Back in the days when he was the Editor in Chief of Marvel Comics, Jim Shooter had a particular story that he liked to use as an example when explaining to people what he thought needed to be on the page in a well-crafted Marvel story. It was this one, the Human Torch story from … Continue reading Lee & Kirby: The Narrative Techniques of Jack Kirby
One of the many things that fascinates me about the history of comics is the manner in which these stories and characters were exported around the world--the mad, slapdash, haphazard manner in which the Marvel super heroes made their way across the globe. It was typical that color guides might not be provided, resulting in … Continue reading Great Covers: Marvel Around the World
The early Marvel titles are filled with all manner of mysteries, large and small. The greatest of these concern who among the various contributors were they key creative minds behind the success of the imprint--and that's a conversation that I don't think is ever going to abate, given that every faction has their own favorites … Continue reading Lee & Kirby & Ditko: The Minor Mystery of AMAZING SPIDER-MAN #8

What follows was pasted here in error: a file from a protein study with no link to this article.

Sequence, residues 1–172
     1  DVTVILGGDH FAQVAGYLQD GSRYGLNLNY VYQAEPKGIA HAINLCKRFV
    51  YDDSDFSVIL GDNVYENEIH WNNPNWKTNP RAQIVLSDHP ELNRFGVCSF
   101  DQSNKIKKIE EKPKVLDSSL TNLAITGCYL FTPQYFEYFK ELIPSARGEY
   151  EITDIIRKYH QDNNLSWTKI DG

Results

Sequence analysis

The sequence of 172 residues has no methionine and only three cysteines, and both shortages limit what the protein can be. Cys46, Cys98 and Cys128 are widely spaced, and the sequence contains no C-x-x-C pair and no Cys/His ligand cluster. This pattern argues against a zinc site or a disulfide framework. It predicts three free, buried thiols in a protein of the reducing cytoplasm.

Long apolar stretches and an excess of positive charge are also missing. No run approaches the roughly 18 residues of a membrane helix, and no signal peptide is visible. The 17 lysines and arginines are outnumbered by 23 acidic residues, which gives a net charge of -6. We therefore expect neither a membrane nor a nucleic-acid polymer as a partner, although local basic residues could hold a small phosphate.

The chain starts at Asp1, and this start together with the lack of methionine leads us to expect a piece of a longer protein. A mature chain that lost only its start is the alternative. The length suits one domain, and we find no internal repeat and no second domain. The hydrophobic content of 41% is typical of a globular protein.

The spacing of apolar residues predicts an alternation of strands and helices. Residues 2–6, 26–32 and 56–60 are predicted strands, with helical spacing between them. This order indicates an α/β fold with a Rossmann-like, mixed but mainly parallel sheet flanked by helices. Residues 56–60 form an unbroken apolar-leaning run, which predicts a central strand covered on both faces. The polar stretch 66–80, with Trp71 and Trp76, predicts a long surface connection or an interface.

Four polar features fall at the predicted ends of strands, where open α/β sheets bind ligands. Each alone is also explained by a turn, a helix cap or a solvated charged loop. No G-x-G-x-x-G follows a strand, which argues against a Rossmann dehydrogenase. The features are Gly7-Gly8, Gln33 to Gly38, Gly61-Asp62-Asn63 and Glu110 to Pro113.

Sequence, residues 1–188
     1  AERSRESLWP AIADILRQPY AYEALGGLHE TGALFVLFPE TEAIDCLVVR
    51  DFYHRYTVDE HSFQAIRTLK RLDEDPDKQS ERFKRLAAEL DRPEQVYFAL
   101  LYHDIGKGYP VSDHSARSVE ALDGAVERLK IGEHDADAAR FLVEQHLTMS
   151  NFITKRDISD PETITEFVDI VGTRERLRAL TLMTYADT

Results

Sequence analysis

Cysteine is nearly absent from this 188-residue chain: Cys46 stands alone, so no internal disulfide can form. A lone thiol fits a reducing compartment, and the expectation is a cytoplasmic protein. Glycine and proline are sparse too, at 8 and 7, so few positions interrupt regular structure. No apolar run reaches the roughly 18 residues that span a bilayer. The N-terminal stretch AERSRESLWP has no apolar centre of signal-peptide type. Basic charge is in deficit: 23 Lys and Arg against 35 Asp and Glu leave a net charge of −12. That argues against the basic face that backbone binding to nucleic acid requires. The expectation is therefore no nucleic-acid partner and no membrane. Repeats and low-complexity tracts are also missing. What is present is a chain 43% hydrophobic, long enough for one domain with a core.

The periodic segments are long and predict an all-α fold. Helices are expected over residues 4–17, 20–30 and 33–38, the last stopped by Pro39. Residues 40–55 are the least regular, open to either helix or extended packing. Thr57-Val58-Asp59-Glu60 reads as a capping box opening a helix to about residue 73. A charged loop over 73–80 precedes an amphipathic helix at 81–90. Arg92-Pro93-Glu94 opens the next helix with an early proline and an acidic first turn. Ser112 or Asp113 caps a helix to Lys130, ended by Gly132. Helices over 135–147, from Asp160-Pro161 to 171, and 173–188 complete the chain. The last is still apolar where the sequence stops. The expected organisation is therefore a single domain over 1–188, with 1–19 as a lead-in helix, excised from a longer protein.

Ever since I had become interested in the Fantastic Four, I had a burning desire to read the first issue of that series. from having haunted the Humor section in my local bookstores over the years (which is where anything even vaguely related to comics wound up being shelved), I knew that this first story … Continue reading BHOC: SON OF ORIGINS OF MARVEL COMICS
In a time before the British Author Invasion and the rise of Vertigo titles, this issue of GIANT-SIZE MAN-THING was quite possibly the most literate and literary comic book as-yet published. A heartfelt, emotion-driven Steve Gerber story concerning a dead, bullied schoolkid anchors the issue. Gerber experiments with using huge blocks of text on certain … Continue reading 5BC: Five Best Comics of 1975
Great sense of scale on this Jack Kirby STRANGE TALES cover. Most of these prototypic Marvel monster stories tended to tout the creature-of-the-month fully visibly on their covers. This piece takes the opposite tact, concealing most of the monster and creating intrigue.